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, 7 (1), 1296

IVIG Regulates the Survival of Human but Not Mouse Neutrophils

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IVIG Regulates the Survival of Human but Not Mouse Neutrophils

Christoph Schneider et al. Sci Rep.

Abstract

Intravenous immunoglobulin (IVIG) are purified IgG preparations made from the pooled plasma from thousands of healthy donors and are being tested in preclinical mouse models. Inherent challenges, however, are the pluripotency of IVIG and its xenogeneicity in animals. IVIG can alter the viability of human neutrophils via agonistic antibodies to Fas and Siglec-9. In this study, we compared the effects of IVIG on human and mouse neutrophils using different death assays. Different commercial IVIG preparations similarly induced cytokine-dependent death in human neutrophils, whereas they had no effects on the survival of either peripheral blood or bone marrow neutrophils from C57BL/6 or BALB/c mice. F(ab')2 but not Fc fragments of IVIG induced death of human neutrophils, whereas neither of these IVIG fragments, nor agonistic monoclonal antibodies to human Fas or Siglec-9 affected the viability of mouse neutrophils. Pooled mouse IgG, which exhibited a different immunoprofile compared to IVIG, also had no effect on mouse cells. Together, these observations demonstrate that effects of IVIG on neutrophil survival are not adequately reflected in current mouse models, despite the key role of these cells in human inflammatory and autoimmune diseases.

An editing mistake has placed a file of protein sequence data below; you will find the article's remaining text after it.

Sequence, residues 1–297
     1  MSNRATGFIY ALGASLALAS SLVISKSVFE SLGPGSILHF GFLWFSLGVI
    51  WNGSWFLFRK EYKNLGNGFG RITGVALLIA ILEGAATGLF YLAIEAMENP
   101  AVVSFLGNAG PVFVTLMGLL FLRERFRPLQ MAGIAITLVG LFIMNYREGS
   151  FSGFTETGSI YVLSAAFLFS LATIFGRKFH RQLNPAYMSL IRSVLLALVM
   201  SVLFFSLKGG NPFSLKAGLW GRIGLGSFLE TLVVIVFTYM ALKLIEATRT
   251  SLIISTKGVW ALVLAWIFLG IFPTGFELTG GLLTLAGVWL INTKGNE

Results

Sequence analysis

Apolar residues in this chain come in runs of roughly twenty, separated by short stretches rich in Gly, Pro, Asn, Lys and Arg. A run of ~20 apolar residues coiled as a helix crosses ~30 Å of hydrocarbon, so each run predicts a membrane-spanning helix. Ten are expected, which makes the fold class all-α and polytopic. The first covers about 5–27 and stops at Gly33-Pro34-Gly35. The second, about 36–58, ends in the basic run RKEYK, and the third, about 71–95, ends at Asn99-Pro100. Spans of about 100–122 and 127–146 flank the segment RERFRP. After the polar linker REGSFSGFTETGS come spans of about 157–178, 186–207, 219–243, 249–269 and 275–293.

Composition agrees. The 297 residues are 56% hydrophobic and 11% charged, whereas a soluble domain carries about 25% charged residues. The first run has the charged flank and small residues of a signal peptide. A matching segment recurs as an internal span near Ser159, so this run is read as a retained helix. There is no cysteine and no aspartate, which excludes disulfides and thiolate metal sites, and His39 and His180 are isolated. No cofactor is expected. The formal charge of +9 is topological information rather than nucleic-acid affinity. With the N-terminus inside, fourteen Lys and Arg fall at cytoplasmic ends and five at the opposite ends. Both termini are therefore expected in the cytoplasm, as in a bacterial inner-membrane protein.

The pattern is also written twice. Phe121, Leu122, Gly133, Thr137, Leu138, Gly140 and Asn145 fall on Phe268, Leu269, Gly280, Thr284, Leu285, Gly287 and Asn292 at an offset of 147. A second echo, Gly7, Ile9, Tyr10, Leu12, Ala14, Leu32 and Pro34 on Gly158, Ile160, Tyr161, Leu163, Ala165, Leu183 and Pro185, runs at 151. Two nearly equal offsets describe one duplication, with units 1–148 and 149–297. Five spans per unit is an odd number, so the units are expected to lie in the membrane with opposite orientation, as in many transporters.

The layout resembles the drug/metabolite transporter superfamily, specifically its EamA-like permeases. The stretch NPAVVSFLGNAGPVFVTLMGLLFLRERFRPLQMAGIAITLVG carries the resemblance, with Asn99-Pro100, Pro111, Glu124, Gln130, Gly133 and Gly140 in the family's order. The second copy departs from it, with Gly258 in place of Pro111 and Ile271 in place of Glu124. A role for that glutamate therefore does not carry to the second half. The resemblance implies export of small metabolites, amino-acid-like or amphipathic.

Conflict of interest statement

The authors declare that they have no competing interests.

Figures

Figure 1
Figure 1
IVIG induces cell death in human but not in mouse polymorphonuclear neutrophils (PMNs) ex vivo. Death of human (PMNH), C57BL/6 (PMNBL/6) or BALB/c (PMNBALB/c) mouse neutrophils in the presence or absence of priming with species matched GM-CSF, as assessed by flow cytometric ethidium bromide exclusion assay. (A) Different commercial IVIG/SCIG preparations similarly induce death of human peripheral blood neutrophils, an effect that is enhanced in GM-CSF primed cells. No death is induced in mouse PB neutrophils. (B) Comparison of the concentration-effect curves of IVIG in PB PMNH or PMNBL/6 with or without GM-CSF priming. (C) In mouse neutrophils from both strains, no IVIG-mediated death is observed, neither in cells derived from peripheral blood (PB) nor bone marrow (BM). (D) In in vivo primed neutrophils isolated from spleen or peripheral blood (PB) no IVIG-induced cell death was observed. Results of 24-h cultures are shown. Bars show mean ± SEM. Data are representative of at least 3 (D), 4 (C), 5 (B), or 6 (A) independent experiments. *p < 0.05, **p < 0.01, Student t test. Specific death was calculated in comparison to untreated controls as outlined in the Materials and Methods section.
Figure 2
Figure 2